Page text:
Magic Carpet Ride: How PDX Reused and Recycled 13 acres of Carpet

Carpet Infographic

If you have ever done a home improvement project, you know the routine of getting rid of construction waste: rent a dumpster to haul off the old materials. Perhaps a simple solution for a residential project, but imagine if you are renovating an airport!

When Portland International Airport replaced 13 acres of carpet in the PDX terminal and rental car facility in 2015, Port of Portland faced a huge waste disposal problem. Thirteen acres of carpet was not only going to take a lot of dumpsters, but also fall short of the Port’s “zero waste” goals. By treating the carpet as a reusable material and collaborating with Rubenstein’s (flooring contractor), local businesses and community organizations, the PDX carpet replacement project found alternative uses to extend the useful life of materials that may have been otherwise sent to a landfill. In fact, the project recently received Gold in the 18th Annual Starnet Design Awards for environmental achievement.

Five Years to Zero Waste (2014) is the Port’s ambitious plan to achieve the actions necessary to reach “zero waste” status, defined as waste diversion of 90% or greater. Meeting the goals of this framework is an ongoing challenge – especially when faced with large construction projects.

The Port’s Environmental Management System creates a framework to evaluate each new project so as to minimize environmental impacts and apply the latest innovations in design and execution. Project specifications include, energy-efficient lighting or plumbing fixtures that conserve water. In some cases it is an innovation in process, not necessarily technology that produces sustainable outcomes.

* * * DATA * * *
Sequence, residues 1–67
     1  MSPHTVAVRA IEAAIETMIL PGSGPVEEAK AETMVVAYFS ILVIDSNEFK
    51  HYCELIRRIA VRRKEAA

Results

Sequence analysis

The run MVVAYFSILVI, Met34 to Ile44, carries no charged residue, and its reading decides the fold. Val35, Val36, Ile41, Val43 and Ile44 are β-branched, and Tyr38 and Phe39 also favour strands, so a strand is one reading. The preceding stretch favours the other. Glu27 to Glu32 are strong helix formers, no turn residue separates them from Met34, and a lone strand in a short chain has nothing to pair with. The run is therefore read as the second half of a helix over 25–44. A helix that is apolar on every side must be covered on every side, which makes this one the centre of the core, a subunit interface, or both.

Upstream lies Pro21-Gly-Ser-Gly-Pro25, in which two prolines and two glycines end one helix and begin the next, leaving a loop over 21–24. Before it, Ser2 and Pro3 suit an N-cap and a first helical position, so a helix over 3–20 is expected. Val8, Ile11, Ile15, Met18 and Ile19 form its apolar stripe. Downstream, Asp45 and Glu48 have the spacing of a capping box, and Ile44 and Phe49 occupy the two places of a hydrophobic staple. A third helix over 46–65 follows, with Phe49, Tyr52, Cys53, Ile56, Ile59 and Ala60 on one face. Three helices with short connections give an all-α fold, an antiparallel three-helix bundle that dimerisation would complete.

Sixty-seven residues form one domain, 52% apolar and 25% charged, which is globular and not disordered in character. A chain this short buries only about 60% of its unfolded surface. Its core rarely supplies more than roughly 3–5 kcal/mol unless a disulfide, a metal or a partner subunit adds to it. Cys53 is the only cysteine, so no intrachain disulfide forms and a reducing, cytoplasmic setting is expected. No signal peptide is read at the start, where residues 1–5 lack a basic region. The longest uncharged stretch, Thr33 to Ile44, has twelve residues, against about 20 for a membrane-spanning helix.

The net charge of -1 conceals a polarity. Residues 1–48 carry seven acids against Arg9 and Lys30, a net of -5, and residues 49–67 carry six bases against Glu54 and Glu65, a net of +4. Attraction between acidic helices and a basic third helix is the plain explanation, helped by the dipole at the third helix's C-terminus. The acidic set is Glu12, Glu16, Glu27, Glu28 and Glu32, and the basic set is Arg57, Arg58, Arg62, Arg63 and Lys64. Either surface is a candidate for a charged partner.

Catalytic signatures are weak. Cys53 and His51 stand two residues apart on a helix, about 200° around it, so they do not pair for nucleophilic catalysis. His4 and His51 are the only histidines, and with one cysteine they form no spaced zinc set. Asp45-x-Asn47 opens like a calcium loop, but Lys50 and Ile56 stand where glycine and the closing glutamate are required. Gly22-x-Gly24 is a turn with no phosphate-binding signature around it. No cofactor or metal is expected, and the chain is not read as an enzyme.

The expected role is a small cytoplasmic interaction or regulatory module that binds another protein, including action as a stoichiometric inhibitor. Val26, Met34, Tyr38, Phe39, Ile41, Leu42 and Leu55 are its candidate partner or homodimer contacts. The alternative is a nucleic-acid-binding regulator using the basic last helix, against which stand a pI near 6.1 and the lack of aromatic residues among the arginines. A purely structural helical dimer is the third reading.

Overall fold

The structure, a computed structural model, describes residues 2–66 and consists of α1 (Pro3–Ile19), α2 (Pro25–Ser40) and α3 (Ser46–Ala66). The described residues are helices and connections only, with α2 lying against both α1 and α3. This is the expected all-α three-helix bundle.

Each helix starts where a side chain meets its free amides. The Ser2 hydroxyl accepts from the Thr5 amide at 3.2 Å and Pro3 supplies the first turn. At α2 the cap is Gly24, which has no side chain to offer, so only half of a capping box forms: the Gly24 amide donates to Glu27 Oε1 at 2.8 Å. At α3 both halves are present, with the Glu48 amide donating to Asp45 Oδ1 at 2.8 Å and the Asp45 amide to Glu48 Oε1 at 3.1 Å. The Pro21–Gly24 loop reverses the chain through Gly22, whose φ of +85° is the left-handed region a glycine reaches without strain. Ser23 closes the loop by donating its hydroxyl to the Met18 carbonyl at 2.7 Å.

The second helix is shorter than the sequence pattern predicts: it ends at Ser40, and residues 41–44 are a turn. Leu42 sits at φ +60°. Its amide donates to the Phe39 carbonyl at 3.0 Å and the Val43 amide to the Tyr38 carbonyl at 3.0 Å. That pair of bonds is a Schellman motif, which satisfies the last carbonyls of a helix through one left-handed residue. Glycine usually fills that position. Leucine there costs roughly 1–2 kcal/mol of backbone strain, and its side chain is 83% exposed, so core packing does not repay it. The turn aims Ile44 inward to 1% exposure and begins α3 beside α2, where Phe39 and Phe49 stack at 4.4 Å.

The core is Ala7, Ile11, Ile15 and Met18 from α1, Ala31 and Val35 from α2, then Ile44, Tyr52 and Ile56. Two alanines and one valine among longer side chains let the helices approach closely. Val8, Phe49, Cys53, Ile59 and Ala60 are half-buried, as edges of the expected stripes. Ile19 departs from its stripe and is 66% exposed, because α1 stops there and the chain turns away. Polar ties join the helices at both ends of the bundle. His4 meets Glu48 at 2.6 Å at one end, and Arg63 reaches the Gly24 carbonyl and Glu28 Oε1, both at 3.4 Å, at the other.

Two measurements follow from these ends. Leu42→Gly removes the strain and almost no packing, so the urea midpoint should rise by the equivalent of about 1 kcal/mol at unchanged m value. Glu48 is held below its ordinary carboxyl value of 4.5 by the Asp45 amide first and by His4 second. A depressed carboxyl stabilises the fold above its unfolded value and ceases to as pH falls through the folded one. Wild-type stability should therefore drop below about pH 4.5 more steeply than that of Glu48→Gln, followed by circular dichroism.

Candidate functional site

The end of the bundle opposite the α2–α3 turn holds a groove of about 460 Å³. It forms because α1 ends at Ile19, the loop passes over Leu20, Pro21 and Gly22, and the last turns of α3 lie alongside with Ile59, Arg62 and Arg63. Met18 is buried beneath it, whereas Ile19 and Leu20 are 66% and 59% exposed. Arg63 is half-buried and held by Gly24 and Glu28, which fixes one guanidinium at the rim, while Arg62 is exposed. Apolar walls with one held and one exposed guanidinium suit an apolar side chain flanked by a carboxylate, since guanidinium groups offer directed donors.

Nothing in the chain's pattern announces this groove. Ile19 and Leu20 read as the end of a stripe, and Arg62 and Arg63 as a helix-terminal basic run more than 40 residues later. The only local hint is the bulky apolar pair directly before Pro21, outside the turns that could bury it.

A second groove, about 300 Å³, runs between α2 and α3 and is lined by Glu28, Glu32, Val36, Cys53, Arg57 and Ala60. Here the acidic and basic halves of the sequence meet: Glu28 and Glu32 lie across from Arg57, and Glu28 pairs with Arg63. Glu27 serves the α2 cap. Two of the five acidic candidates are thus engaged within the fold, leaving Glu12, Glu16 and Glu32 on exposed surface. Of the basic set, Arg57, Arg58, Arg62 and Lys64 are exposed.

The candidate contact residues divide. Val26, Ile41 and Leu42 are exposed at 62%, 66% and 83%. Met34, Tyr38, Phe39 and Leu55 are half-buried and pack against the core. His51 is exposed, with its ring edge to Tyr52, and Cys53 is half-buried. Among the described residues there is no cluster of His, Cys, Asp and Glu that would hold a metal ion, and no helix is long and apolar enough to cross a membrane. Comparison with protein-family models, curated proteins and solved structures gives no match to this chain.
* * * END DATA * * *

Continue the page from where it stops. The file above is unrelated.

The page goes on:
In the carpet replacement project, the Port’s Request for Proposal (RFP) prioritized a requirement for the contractor to find a more sustainable option than sending the old carpet to the landfill. The Port suggested disposing of the carpet at a waste to energy (WTE) facility because of limited recycling options available; however, the RFP was written with flexibility to allow contractors to find alternative outlets.

Just before the PDX carpet replacement project began, the airport carpet frenzy grew amongst Portlanders. The flying public and Portland community had become attached to the unique carpet installed nearly 30 years ago. Its iconic design began showing up on socks, t-shirts, and shoes and the media noticed. Stories about the PDX carpet appeared in local, national and even international publications. PDX Carpet was even the Grand Marshall of the 2015 Rose Parade!

Recognizing the high public interest, the Port evaluated proposals from interested businesses based on their proposed use and community benefit to reuse the carpet. The Port’s selected flooring contractor, Rubenstein’s, developed a technique to remove the carpet in larger intact pieces which were then inventoried based on condition and distributed to selected businesses. In total, nearly 5 acres of carpet was installed in buildings throughout the region, used in high school batting cages, repurposed into a variety of novelty products or became furniture upholstery.

At the end of the project, eight acres of carpet remained for disposal. With the growing attention, Rubenstein’s sought a more sustainable disposal option for the remaining carpet than incineration at a WTE. They found a facility in California that reuses carpet fibers to make carpet pad. By sending the remaining PDX carpet to this facility they ensured 100% of the carpet from the project was repurposed or recycled.

Rubenstein’s further embraced the Port’s commitment to minimizing waste by also diverting construction debris from the project. Cardboard cores from the new carpet rolls were given to a local carpet warehouse to reuse, pallets were returned to suppliers, artisans used wood from broken pallets to make furniture and art pieces, and all plastic film was recycled.

The PDX carpet replacement project demonstrates how integrating waste minimization strategies into project planning can benefit the community and do not necessarily interfere with the project schedule or increase costs. Integrating sustainability goals into contract specifications and taking time to work with stakeholders for reuse options are strategies that can be applied in a wide variety of construction projects – large and small.